By Sam Pikula
Recently I had the opportunity to attend the 1999 International Trade Fair for Hunting and Sporting Arms and Outdoor Articles and Accessories Show or as it is called in the firearms trade simply the “IWA (pronounced “eewhah”) Show” which is a bit easier on the tongue. While the average stateside hunter, outdoorsman, or gun enthusiast may not have heard of the IWA Show I can assure you that in the gun trade it is one of the two major events in the year with the other being the Shooting, Hunting, Outdoor, Trade (SHOT) Show. Unlike the SHOT Show which is held in a different US city each year, the IWA Show has always occurred during the month of March in the lovely and historic city of Nurnburg, Germany.
The IWA this year brought in over 800 exhibitors and roughly 15,000 visitors from over 80 countries. The IWA is definitely not just another big “gunshow”. From its start in 1974, the IWA has attracted heavyweight dealers and businessmen from all over the globe. It is a high class event where a visitor in an Armani suit sporting a Rolex watch is commonplace. Many of the exhibitors have private offices, coffee nooks, and wet bars in their displays to make prospective clients relaxed and at ease before they land that proverbial “big deal”.
The IWA is also a great place to check out the latest and greatest products that the major gun and outdoor companies offer. Often times the exhibitors bring their latest prototypes to generate publicity and interest which is one of the reasons I came. The one downside for me was that since Germany (and much of Europe) does not allow their subjects (excuse me citizens) to own modern military arms, you won’t find any at the IWA. The only “military” types of weapons which are permitted at the IWA are sniper rifles (which can be labeled “target rifles”), semi-autos with thumb-hole stocks sans flash suppressors, pistols and, incongruously, combat shotguns.
Attending an event as large, interesting, and intense as the SHOT or IWA Show can at times be a dizzying and heady experience. It would be nice to sit down and chat with every exhibitor but there is just not enough time. Instead I concentrated on three classes of exhibitors: those exhibitors that I was personally interested in such as practical/tactical firearms, those whose products I had used extensively in the past, and exhibitors who put out something new and innovative. Since I was in Germany and have an affinity for military style weapons the first place I headed for was the Heckler & Koch exhibit.
Founded in 1949 from the ruins of post war Germany, H&K is a remarkable success story and in every way represents the cutting edge of firearms technology. The H&K exhibit was one of the larger ones and their new SL-8 garnered a lot of attention. The SL-8 is a .223 semi-auto rifle derived from H&K’s G-36 which is the German army’s replacement for the venerable G-3. The operating system of both the SL-8 and G-36 will be familiar to American shooters as it is directly based on the AR-18/180. After having fired the G-36 I must admit the SL-8 is a far cry from its military brother. In order to be legal the stock was radically changed so that it has a heavy fixed thumb-hole stock instead of a light weight folding one. The barrel is also heavier and has no flash suppressor. Its free floating barrel should generate the kind of extreme accuracy needed for precision shooting or varmit hunting. The SL-8 should be available in the US by the time you read this. Its stateside debut was delayed due to the ATF’s insistence that H&K redesign the magazine to be a single ten round stack in lieu of a double stack. I suspect this was done so that it would be more difficult for anyone to adapt a pre-ban magazine to fit it.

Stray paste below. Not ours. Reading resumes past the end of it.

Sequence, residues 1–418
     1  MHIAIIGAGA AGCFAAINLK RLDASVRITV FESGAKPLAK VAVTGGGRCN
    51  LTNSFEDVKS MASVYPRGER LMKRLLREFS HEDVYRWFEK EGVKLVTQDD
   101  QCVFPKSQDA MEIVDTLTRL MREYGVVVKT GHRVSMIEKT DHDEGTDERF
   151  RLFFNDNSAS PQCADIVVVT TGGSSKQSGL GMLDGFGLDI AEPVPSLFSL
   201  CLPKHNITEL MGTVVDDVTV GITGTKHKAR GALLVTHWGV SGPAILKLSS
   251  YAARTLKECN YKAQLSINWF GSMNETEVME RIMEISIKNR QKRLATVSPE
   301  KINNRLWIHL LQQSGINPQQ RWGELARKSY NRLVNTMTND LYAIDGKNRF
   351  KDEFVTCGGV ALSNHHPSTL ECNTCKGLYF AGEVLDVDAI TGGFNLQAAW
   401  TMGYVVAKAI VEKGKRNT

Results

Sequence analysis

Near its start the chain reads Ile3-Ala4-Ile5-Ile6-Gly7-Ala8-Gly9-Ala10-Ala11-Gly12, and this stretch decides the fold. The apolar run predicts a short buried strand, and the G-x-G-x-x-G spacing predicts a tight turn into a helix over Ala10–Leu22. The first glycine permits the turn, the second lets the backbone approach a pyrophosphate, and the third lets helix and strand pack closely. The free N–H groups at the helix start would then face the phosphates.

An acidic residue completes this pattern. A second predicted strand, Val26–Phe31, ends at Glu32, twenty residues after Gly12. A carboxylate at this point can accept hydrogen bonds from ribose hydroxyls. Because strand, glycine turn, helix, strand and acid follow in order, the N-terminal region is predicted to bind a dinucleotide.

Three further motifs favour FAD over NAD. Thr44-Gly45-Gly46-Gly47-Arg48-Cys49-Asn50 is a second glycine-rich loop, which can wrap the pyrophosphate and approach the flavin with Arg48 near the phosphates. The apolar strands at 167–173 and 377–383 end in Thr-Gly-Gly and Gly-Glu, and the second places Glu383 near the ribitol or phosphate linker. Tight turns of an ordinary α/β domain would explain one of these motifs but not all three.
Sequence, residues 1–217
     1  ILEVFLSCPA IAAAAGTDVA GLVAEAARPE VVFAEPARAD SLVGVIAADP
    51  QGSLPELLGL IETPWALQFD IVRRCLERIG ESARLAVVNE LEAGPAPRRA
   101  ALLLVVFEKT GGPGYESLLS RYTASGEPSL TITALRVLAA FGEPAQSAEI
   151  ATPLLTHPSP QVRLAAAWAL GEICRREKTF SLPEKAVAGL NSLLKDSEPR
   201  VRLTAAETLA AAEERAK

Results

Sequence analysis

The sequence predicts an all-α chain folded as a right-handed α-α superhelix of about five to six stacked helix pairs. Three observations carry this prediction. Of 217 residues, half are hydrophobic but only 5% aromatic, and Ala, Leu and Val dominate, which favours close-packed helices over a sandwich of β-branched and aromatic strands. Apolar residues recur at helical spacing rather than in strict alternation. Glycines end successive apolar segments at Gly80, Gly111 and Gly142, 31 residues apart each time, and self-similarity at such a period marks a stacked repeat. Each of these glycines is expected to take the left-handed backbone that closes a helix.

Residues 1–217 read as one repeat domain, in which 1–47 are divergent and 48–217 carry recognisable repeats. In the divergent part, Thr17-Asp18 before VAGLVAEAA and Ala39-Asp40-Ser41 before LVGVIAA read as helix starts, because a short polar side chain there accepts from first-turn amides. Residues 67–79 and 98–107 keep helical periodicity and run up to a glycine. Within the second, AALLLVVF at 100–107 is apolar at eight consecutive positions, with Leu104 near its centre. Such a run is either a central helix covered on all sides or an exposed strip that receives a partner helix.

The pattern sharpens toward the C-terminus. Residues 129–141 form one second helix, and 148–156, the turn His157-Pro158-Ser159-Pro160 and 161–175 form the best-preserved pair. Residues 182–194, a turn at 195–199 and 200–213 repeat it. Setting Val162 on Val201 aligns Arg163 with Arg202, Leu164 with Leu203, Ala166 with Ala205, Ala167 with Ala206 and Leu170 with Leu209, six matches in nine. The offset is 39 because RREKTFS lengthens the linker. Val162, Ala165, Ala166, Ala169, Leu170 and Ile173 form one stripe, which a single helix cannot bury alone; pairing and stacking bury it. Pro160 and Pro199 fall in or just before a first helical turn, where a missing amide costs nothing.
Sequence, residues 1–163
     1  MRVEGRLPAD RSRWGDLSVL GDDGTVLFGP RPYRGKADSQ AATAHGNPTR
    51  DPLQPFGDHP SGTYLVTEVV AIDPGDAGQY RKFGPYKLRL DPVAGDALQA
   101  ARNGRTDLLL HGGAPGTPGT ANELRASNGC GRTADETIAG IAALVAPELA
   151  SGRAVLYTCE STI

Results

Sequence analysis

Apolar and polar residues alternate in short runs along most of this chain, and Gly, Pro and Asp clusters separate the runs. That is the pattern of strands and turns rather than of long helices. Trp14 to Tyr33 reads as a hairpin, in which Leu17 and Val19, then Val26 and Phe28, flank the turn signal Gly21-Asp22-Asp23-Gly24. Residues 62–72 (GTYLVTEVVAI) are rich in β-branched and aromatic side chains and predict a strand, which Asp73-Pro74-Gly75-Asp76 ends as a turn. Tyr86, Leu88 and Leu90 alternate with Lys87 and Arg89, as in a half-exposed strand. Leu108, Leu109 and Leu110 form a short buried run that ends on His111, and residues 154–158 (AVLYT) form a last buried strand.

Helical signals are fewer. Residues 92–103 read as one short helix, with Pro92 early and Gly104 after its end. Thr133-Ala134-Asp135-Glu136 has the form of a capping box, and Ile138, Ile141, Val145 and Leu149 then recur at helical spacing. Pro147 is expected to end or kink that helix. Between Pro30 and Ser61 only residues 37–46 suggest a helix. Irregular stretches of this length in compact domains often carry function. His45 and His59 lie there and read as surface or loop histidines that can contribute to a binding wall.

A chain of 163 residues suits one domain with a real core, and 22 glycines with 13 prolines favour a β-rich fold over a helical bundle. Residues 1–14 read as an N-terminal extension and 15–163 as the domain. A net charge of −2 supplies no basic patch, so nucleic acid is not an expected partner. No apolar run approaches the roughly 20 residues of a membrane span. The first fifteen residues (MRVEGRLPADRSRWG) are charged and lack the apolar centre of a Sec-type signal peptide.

H&K also had their entire stable of pistols on display including their many derivatives of the .45 ACP Mark 23 the so-called “SOCOM Pistol”. I do like the balance and heft of the Mark 23 (although it’s damn big and is probably the only crew served pistol in the world).
Strolling over to the Steyr display brought me eye to eye with their complete line of magnificent hunting and sniper rifles. I have always been enamored by the long guns of Steyr which at times are more works of art than anything else. Many of their deeply blued and polished hunting rifles, while eminently functional and supremely accurate, appeared just too beautiful to ever take to the field. Steyr however does make a superlative hunting carbine in their Scout Rifle.
I was first acquainted with the Scout Rifle concept in the late 80’s when I began taking classes at the American Pistol Institute, more commonly called “Gunsite” under the tutelage of LTC Jeff Cooper. Cooper has contributed so much to the art of shooting that I would not do justice to his accomplishments in such a brief space. Cooper envisioned that the Scout rifle would be an all purpose rifle that would be perfectly suited for a military scout in battle or a hunter going after medium sized game. Unless you’ve been lost on a deserted island for the last year you should know that Steyr put Coopers concept in full scale production last year with a rather innovative design.